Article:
6. Based on the current level of policies in Niger, the EBA-lite based-models do not point to significant misalignments of Niger’s real effective exchange rate (Table 1). This result is consistent with the 2014 CGER model based external assessment for Niger and also with the early 2016 WAEMU’s external sector assessment. However, this result should be interpreted with caution, giving the difficulties in assessing external sector competitiveness for small countries with limited data, undergoing structural transformations and heavily dependent on commodity export like Niger. In addition, the recent weakening of the Naira could be source of weakening competitiveness, at least with regard to economic relations with Nigeria.

Table 1.

Niger: Current-Account Norms and Implied REER Misalignment1/

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Source: IMF staff calculations.


  • The current account elasticity used (-0.63) is based on the median trade elasticity for small countries reported in Tokarick (2010).

  • In the initial estimates, the underlying-CA is the CA in 2015 for the CA-model and the underlying-CA is the CA in 2020 for the ES-model with the objective of stabilizing the NIIP at -79.6 percent of GDP consistent with the CA-norm of -9.4 percent of GDP obtained in the CA-model.

  • The alternative scenario uses a lower current account that discounts for FDI driven investments and the large public investments.

7. The CA approach of the EBA-lite indicates an overvaluation of 15 percent at end-2015. The current account approach compares Niger’s actual current account balance in 2015 with the model-prediction based on fundamentals driving saving and investment decisions and the desired policies. If the model prediction and the underlying-CA are far apart, that may suggest a large REER misalignment and require an adjustment. The predicted CA-norm is -9.4 percent with a policy gap4 of 1.4 percent of GDP. The policy gap originates mainly from the fiscal sector (1 percentage point), which calls the need for improving fiscal outcomes. Giving the underlying-CA of -18.1 percent of GDP (the CA in 2015), the CA approach suggests an overvaluation of 15 percent that is larger than what was suggested in the 2014 assessment (6.2 percent overvaluation) with an underlying-CA of -10.2 percent of GDP. However, using the same underlying-CA as in 2014, the overvaluation drops to 2.4 percent, showing some improvement due to the decline in inflation in Niger and the recent depreciation of the Euro. The model predicts well the CA of Niger before the completion point of the highly indebted poor country initiative and the country benefiting from the multilateral debt relief initiative (2006), however with the FDI-driven large CA recorded in recent years, the model prediction became quite poor. This calls for prudence in interpreting the results, giving the limitation of the CA approach in analyzing countries heavily dependent on commodity export, like Niger.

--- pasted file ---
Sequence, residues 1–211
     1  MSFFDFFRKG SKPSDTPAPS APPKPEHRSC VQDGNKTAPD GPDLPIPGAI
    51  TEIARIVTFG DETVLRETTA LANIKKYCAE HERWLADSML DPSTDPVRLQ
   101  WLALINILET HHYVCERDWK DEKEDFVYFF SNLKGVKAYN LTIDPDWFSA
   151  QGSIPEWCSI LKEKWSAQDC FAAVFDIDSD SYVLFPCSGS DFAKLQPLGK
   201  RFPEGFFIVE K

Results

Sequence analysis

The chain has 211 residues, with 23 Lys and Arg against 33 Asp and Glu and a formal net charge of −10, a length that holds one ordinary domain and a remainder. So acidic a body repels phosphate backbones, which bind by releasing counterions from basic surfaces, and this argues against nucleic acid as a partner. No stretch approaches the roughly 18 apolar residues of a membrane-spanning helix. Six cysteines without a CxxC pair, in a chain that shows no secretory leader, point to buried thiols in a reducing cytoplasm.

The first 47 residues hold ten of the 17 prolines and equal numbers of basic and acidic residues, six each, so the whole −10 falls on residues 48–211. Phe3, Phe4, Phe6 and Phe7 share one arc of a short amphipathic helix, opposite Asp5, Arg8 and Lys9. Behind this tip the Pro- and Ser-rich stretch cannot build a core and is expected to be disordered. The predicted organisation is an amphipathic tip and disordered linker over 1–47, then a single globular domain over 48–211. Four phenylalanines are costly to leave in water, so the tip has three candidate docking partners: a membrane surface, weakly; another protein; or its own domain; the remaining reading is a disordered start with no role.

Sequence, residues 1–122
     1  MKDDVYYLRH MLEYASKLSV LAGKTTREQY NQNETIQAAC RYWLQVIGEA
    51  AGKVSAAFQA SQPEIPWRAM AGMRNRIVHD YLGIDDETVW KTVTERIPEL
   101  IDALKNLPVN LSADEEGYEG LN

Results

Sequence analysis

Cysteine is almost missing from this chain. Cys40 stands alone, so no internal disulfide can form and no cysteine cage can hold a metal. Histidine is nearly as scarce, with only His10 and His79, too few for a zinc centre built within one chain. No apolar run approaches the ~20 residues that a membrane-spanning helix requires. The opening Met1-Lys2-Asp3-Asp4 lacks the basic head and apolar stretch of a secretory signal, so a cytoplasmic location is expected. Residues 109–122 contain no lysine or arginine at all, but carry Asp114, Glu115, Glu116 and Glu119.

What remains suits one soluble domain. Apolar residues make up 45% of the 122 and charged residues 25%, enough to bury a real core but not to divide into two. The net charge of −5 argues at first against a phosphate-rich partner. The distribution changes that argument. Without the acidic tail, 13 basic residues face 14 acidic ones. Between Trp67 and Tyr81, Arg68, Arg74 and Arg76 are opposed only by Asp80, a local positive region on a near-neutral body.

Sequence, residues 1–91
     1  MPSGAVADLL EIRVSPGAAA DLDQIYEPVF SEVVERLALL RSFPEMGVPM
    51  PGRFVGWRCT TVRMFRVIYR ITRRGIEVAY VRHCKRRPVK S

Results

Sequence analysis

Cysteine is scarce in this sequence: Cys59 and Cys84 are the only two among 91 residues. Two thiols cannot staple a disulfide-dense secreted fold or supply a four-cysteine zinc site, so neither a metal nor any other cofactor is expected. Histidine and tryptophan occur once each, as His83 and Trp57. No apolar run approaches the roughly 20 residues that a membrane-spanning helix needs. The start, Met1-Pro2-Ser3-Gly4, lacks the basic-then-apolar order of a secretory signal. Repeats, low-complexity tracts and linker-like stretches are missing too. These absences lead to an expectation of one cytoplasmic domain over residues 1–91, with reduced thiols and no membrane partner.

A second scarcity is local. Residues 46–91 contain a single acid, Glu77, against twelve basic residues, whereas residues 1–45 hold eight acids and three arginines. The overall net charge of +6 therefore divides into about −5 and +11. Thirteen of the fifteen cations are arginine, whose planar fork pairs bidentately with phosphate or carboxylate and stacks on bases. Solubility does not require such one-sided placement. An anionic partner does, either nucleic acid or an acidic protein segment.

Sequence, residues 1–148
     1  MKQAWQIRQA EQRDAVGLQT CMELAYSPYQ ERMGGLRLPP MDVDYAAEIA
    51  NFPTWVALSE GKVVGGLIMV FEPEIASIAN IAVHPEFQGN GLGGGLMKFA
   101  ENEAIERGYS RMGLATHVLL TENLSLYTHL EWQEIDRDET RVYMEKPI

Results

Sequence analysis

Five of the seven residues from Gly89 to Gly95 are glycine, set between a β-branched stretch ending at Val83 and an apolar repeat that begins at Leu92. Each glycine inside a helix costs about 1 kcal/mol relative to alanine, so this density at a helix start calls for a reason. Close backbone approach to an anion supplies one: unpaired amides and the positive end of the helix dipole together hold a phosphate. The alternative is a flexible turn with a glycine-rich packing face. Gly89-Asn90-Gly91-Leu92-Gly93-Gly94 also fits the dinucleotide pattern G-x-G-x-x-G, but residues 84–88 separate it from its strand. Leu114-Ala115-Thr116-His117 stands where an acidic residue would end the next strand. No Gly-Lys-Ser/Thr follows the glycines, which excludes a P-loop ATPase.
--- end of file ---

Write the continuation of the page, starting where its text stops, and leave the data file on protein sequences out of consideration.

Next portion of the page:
Figure 3.
Figure 3.

Niger: Results of the EBA-lite Equilibrium Real Exchange Rate Assessment

Citation: IMF Staff Country Reports 2017, 060; 10.5089/9781475582888.002.A001

Source: IMF staff estimates.

8. The external sustainability approach suggests a higher CA-norm and a smaller overvaluation. The external sustainability approach compares the underlying-CA (the CA projected in 2020, -15.4 percent of GDP) with the model predicted CA needed to stabilize the net international financial position (NIIP) to a defined level within a defined period. The NIIP of Niger at the end of 2014 was -64.3 percent. To maintain that level of NIIP, the current account norm is estimated at -10 percent of GDP, resulting in an overvaluation of 8.5 percent. Targeting the NIIP that is compatible with the CA norm predicted by the CA approach of the EBA-lite (-79.3 percent of GDP), the stabilizing CA-norm will be -11.4 percent of GDP, resulting in a lower REER gap 6.5 percent (Table 1). The probability of external crises in Niger provided by the univariate Probit model is very low (0.9 percent), with a ratio of NFA to GDP of 17.5 percent, far from the threshold -49 percent. However, the multivariate Probit model that takes into account more factors, points to a higher probability, 41.2 percent (the threshold being 20 percent).

9. Finally, the index-REER approach point to an undervaluation. This approach is different from the two first approaches because it estimates directly the fitted values of the REER, using a set of fundamentals that cause persistent deviations from the purchasing power parity. The REER norm is calculated based on the fitted value of REER predicted by the model with an adjustment for the policy gaps. The estimation suggests an undervaluation of 12 percent.

C. Broader Competitiveness Indicators